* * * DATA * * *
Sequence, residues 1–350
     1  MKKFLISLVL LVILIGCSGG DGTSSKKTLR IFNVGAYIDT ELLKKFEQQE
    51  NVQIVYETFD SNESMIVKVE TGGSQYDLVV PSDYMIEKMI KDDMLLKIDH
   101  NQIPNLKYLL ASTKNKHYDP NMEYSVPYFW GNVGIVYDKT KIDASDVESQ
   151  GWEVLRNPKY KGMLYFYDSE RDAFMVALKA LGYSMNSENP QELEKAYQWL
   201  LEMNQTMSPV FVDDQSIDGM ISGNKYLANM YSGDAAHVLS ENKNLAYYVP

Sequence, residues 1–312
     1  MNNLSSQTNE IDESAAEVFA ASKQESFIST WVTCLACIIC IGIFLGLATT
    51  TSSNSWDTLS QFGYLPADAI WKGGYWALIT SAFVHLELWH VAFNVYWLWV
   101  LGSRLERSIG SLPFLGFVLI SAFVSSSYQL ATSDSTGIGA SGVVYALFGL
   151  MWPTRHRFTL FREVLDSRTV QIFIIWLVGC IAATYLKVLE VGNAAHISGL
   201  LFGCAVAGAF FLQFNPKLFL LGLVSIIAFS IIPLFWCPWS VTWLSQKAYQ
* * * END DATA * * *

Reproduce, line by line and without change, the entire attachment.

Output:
Sequence, residues 1–350
     1  MKKFLISLVL LVILIGCSGG DGTSSKKTLR IFNVGAYIDT ELLKKFEQQE
    51  NVQIVYETFD SNESMIVKVE TGGSQYDLVV PSDYMIEKMI KDDMLLKIDH
   101  NQIPNLKYLL ASTKNKHYDP NMEYSVPYFW GNVGIVYDKT KIDASDVESQ
   151  GWEVLRNPKY KGMLYFYDSE RDAFMVALKA LGYSMNSENP QELEKAYQWL
   201  LEMNQTMSPV FVDDQSIDGM ISGNKYLANM YSGDAAHVLS ENKNLAYYVP

Sequence, residues 1–312
     1  MNNLSSQTNE IDESAAEVFA ASKQESFIST WVTCLACIIC IGIFLGLATT
    51  TSSNSWDTLS QFGYLPADAI WKGGYWALIT SAFVHLELWH VAFNVYWLWV
   101  LGSRLERSIG SLPFLGFVLI SAFVSSSYQL ATSDSTGIGA SGVVYALFGL
   151  MWPTRHRFTL FREVLDSRTV QIFIIWLVGC IAATYLKVLE VGNAAHISGL
   201  LFGCAVAGAF FLQFNPKLFL LGLVSIIAFS IIPLFWCPWS VTWLSQKAYQ